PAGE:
Billy Brown

Francis Kennedy mourns the passing of a bona fide musical genius

In June 1999, aged just 56, Billy Brown passed away after a long battle with illness. A brief mention in one national paper the following day noted his passing. It didn’t remind its readers that Billy Brown was one of the heroes of the Irish music business; one of our greatest singer/songwriters; an exceptional musical arranger; and the bandleader of one of the top showbands in Ireland during the 60s.

Born in Larne in 1943, his father was a fine musician. Having completed his formal education, he enrolled at Belfast College of Art where he began to study stained glass design. Just as he was beginning to understand his chosen subject, a school scandal resulted in the class being closed down.

‘We were told that we could study ladies dressmaking or interior decorating so I opted for the lesser of two evils,’ said Brown. ‘I could see some use for interior decorating but clothes have never interested me. I just wear them to cover myself.’

As a young boy, Brown loved football. He also loved music but knew that if he asked his parents for a piano, it would mean an end to football on the street as he would have to stay in and practice. But his father did ask him if he would like one and he spent a hard-earned £200 on a new piano for his son.

‘I have a feeling that my father really wanted the piano and used me as an excuse to buy it!’ said Billy. He was still allowed to play football but it wasn’t long until he was skipping games so that he could spend more and more time practising his new instrument.

In the early 1960s, Billy was playing part-time with the Billy McFarland Showband when he and some friends decided to form what was to become Ireland’s best-loved pop band of that decade, The Freshmen.
The Ballymena-based band sought perfection in everything they did. Their stage outfits, their presentation, their performances and their music were a cut above everybody else. Their soaring harmonies were the best of any Irish band before or since. And Billy Brown was the director, arranger, producer and puppeteer.

Appearances on RTE’s Showband Show and UTV’s Pop Scene, further raised the  band’s profile and following minor success with their second single, an original written by vocalist Derek Dean, (‘I Stand Alone’/ ‘Gone Away’), they finally broke into the charts with the memorable ‘Papa Oom Mow Mow’.

Another single followed, ‘The Little Old Lady From Pasadena (Go Granny Go)’, which had been a hit for surfers Jan & Dean in the US. Because of their vocal strength, the ‘surfing-sound’ of Jan & Dean and The Beach Boys suited The Freshmen to a tee. They began to be known for their note-perfect renditions of Beach Boys songs more than anything else, and this in fact became a hindrance, overshadowing their excellent original numbers.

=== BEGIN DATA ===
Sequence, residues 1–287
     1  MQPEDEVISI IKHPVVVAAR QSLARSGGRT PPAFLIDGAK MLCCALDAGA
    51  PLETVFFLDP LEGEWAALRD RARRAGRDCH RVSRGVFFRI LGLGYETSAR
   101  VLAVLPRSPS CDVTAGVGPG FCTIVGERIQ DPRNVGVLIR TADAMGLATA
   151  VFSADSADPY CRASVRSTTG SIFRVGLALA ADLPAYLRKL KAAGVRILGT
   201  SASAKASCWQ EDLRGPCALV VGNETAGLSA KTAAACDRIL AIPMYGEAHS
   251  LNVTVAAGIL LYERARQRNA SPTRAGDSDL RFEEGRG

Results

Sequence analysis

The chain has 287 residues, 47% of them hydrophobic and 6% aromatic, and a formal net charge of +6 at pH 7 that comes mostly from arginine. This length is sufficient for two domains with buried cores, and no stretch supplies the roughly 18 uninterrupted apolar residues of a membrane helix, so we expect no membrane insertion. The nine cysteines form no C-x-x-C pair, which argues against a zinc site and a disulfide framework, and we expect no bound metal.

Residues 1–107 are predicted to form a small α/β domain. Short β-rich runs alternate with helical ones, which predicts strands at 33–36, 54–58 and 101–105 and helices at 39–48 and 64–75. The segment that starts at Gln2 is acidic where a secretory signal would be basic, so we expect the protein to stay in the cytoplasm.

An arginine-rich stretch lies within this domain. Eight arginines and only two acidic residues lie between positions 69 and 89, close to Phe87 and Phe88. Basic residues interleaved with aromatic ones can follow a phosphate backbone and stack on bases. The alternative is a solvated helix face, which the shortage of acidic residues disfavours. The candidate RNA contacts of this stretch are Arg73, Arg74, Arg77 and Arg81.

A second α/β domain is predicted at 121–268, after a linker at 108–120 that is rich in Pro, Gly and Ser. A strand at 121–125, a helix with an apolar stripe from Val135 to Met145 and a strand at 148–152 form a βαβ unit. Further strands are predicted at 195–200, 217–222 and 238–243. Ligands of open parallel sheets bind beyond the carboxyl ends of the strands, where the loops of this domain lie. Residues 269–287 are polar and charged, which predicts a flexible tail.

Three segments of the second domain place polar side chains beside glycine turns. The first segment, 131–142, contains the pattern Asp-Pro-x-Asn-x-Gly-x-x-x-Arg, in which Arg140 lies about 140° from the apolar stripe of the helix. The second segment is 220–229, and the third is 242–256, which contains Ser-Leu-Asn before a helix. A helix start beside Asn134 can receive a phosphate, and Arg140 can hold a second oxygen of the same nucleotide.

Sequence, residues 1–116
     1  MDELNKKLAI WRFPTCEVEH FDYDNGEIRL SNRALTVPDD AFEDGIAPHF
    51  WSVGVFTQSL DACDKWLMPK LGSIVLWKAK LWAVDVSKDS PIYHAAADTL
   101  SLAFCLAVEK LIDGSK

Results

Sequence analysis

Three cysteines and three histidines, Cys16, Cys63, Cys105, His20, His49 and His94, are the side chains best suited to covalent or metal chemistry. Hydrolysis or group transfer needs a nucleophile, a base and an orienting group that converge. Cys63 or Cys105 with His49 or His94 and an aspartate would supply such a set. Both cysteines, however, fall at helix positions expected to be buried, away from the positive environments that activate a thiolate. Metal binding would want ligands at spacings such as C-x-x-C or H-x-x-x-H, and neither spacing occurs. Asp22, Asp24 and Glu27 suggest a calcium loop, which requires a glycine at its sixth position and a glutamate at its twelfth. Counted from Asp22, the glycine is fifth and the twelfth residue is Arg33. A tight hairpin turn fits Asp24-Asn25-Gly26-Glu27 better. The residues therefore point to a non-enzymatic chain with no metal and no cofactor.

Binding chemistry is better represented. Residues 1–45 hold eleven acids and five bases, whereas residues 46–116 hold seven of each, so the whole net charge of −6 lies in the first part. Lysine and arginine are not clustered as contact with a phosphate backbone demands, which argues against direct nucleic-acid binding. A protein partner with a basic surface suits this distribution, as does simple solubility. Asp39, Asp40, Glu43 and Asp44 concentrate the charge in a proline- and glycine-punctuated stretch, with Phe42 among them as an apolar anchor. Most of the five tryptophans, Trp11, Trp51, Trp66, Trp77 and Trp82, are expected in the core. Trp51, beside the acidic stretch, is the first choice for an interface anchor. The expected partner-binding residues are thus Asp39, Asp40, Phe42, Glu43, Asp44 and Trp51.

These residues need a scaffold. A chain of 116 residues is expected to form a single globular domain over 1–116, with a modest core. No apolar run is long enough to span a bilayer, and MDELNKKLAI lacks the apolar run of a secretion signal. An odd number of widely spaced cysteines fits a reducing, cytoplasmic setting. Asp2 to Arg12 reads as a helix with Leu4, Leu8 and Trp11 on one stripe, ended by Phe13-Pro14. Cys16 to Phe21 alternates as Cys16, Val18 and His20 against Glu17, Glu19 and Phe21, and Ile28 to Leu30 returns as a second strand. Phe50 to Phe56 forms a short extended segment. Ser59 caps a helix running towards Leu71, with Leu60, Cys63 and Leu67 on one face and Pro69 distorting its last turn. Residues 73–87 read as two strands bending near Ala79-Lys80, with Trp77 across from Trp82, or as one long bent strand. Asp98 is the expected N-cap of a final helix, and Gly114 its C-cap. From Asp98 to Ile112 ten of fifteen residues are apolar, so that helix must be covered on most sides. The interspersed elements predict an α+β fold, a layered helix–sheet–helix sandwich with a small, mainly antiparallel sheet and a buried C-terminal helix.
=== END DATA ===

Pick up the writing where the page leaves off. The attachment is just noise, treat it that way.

They played support to The Beach Boys at their Dublin and Belfast concerts in 1967 and released a groundbreaking album Movin’ On in 1968. This collection included three originals from the pens of Brown and band members Damien McElroy and Davy McKnight as well as a song by Danny Ellis and another by Phil Coulter and Bill Martin.

The name Billy Brown was spoken with respect and reverence, not only by the thousands of Freshmen fans but by his contemporaries in the music business. Billy Brown was a musicians’ musician and The Freshmen arguably the best showband of them all. They brought music standards of their era to a higher level and paved the way for today’s successful Irish musical exports.

Always innovative, The Freshmen staged a ‘Peace Concert’ in Dublin in 1970, a live performance of their second LP Peace On Earth on the CBS label. Narrator on both projects was the renowned actor Micheál MacLiammóir. Early in the ‘70s, however, cracks began to show in what up to now had been an incredibly cohesive unit, and Brown decided to leave and form his own band. He was replaced by Ivan Laybourne from The Newmen.

Billy always had a great interest in wildlife and wild birds in particular. In latter years he was actively involved with the Irish Wildbird Conservancy and often gave informative talks, sometimes on radio. His slight stammer never hindered him on these occasions. Not long before his death, Billy teamed up with his old colleagues for a one-off performance when The Freshmen reunited for a concert at The Waterfront in Belfast. It was a very special moment when the old, familiar soaring vocal harmonies filled the air again, bringing back vivid memories of the long-gone, packed ballrooms of the 60s.

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